This year, a record 113 women submitted their candidacy, of which 86 were selected on electoral lists under Lebanon’s complicated proportional representation system.
The upsurge in female parliamentary hopefuls in the 2018 race is marked compared to previous election years. Only 12 female candidates ran for office in 2009, and their number was a paltry four in 2005.
Women everywhere, but not in politics
Babikian and her fellow female candidates are products of an extraordinary mobilisation effort by civil society organisations such as Women in Front, a Beirut-based NGO that aims to address the country’s abysmal female representation in politics.
Despite its free press, robust civil society and cultural diversity that makes Lebanon a liberal outpost in the Arab world, the country ranks surprisingly low when it comes to gender parity in politics. With just four female MPs, Lebanon currently ranks 185th out of 193 countries, according to the Inter-Parliamentary Union (IPU) index.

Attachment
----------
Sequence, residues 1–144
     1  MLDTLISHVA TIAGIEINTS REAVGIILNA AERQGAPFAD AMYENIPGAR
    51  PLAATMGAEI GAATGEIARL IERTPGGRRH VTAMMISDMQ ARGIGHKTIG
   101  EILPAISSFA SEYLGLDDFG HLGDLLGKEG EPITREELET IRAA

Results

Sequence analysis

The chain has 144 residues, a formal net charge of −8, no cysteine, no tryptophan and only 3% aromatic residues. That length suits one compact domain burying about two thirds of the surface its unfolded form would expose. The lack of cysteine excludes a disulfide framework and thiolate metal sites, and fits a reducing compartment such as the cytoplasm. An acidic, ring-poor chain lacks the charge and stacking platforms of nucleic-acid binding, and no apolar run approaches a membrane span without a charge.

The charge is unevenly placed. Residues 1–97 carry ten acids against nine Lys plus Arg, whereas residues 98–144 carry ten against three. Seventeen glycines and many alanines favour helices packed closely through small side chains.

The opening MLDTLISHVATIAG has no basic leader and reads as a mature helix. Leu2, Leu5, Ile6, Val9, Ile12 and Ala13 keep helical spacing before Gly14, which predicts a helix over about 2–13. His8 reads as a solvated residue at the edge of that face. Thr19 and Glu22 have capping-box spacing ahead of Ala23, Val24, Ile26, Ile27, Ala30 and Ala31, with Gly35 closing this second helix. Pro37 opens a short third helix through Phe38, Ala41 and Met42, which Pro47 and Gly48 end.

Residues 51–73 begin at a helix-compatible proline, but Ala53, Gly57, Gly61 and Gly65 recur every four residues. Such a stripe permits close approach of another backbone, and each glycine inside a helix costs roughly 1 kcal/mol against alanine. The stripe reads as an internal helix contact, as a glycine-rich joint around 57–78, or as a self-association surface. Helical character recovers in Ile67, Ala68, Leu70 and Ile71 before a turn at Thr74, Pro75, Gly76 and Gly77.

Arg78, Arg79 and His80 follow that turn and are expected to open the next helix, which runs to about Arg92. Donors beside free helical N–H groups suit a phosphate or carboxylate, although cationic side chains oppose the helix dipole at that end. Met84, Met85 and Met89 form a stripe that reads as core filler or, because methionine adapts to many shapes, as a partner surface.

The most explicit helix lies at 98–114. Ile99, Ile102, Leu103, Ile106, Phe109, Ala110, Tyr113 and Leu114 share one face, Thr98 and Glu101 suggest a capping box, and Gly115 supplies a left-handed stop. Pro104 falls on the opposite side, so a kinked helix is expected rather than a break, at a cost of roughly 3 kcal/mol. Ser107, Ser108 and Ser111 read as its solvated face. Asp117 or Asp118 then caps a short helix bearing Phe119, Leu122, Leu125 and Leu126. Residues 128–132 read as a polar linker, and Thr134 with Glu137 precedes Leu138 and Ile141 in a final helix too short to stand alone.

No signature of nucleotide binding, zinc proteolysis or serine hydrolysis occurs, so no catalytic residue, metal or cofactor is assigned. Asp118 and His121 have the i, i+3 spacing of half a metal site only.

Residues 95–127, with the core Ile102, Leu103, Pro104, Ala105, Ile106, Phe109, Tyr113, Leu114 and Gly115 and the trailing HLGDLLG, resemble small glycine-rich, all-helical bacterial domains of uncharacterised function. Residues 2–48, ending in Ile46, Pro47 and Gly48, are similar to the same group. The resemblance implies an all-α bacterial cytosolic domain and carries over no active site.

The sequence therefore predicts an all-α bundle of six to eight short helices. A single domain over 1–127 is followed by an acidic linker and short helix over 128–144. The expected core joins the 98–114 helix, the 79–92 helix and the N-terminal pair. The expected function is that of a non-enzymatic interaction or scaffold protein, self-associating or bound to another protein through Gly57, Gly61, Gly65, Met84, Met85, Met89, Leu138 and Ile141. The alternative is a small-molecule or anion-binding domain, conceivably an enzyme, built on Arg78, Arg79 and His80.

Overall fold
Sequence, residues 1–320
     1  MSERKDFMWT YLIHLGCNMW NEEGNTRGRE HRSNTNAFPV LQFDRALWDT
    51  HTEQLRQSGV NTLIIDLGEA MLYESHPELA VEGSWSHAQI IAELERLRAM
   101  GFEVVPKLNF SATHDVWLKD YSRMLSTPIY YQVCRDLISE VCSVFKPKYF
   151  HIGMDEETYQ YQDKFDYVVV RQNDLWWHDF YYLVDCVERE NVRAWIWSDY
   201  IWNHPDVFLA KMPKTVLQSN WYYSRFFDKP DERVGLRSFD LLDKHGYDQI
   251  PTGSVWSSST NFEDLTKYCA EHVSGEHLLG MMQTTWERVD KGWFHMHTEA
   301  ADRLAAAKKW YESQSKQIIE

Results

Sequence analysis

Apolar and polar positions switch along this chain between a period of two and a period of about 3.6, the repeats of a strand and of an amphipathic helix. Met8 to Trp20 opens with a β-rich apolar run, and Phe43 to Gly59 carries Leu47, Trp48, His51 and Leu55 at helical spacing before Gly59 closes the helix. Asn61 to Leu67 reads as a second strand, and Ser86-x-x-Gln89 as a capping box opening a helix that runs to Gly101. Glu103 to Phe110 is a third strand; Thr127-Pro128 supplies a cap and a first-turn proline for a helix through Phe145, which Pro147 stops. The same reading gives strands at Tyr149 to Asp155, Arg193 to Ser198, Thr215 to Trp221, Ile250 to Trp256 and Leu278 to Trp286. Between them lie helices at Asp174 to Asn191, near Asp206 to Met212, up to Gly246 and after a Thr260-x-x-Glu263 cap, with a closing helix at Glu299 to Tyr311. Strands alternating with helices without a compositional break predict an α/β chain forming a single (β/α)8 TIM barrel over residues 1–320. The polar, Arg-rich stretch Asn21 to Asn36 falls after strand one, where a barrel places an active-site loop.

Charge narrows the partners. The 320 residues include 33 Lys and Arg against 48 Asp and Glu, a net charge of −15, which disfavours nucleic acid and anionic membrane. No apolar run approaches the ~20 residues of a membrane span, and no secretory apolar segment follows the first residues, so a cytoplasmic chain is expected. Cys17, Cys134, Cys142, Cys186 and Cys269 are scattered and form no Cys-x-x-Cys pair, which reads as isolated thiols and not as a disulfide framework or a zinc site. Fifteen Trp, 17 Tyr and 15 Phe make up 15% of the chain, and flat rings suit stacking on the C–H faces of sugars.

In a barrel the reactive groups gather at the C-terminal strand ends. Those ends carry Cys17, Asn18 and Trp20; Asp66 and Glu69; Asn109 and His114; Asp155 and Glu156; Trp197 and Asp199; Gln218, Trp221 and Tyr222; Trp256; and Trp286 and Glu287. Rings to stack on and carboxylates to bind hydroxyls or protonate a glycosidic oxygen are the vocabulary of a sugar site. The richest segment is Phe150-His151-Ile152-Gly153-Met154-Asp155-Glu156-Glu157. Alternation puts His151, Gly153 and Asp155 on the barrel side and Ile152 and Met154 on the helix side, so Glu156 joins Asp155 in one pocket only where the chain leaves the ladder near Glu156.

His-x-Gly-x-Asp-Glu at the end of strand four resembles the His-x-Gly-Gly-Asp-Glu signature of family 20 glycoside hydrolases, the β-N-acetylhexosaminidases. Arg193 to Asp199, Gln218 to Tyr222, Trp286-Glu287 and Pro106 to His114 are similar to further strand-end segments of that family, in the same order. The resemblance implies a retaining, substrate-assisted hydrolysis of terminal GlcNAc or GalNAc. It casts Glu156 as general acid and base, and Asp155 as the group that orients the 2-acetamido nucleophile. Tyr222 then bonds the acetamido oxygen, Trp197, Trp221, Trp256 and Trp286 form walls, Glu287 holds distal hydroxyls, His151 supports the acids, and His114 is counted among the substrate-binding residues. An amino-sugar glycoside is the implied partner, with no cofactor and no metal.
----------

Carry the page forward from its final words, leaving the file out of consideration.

“You can see Lebanese women in business, medicine, law, in virtually every field. But you can’t find women in parliament or government – except if she’s the wife, sister or daughter of a former president, prime minister or political leader,” explains Nehmat Badreddine, an activist-turned-parliamentary candidate.
The four female MPs in the outgoing parliament include former Lebanese Prime Minister Rafik Hariri’s sister, Bahia Hariri, and Strida Geagea, wife of leading Lebanese politician, Samir Geagea. The other two parliamentarians also hail from Lebanese political dynasties.
From a conservative southern city to national politics
Badreddine’s background, in sharp contrast, is a world away from the one inhabited by the Beirut-based political heirs, as they have been sardonically dubbed.
Born and raised in the southern Lebanese city of Nabatieh, the 37-year-old activist is a member of Lebanon’s majority Shiite community, which has the lowest percentage of female political representation in the country. “I’m from a conservative family, not rich,” she stresses. “During my university years, I could go to the university and be active. But once I came back home, I had to stay at home – no meetings, no events, just stay at home.”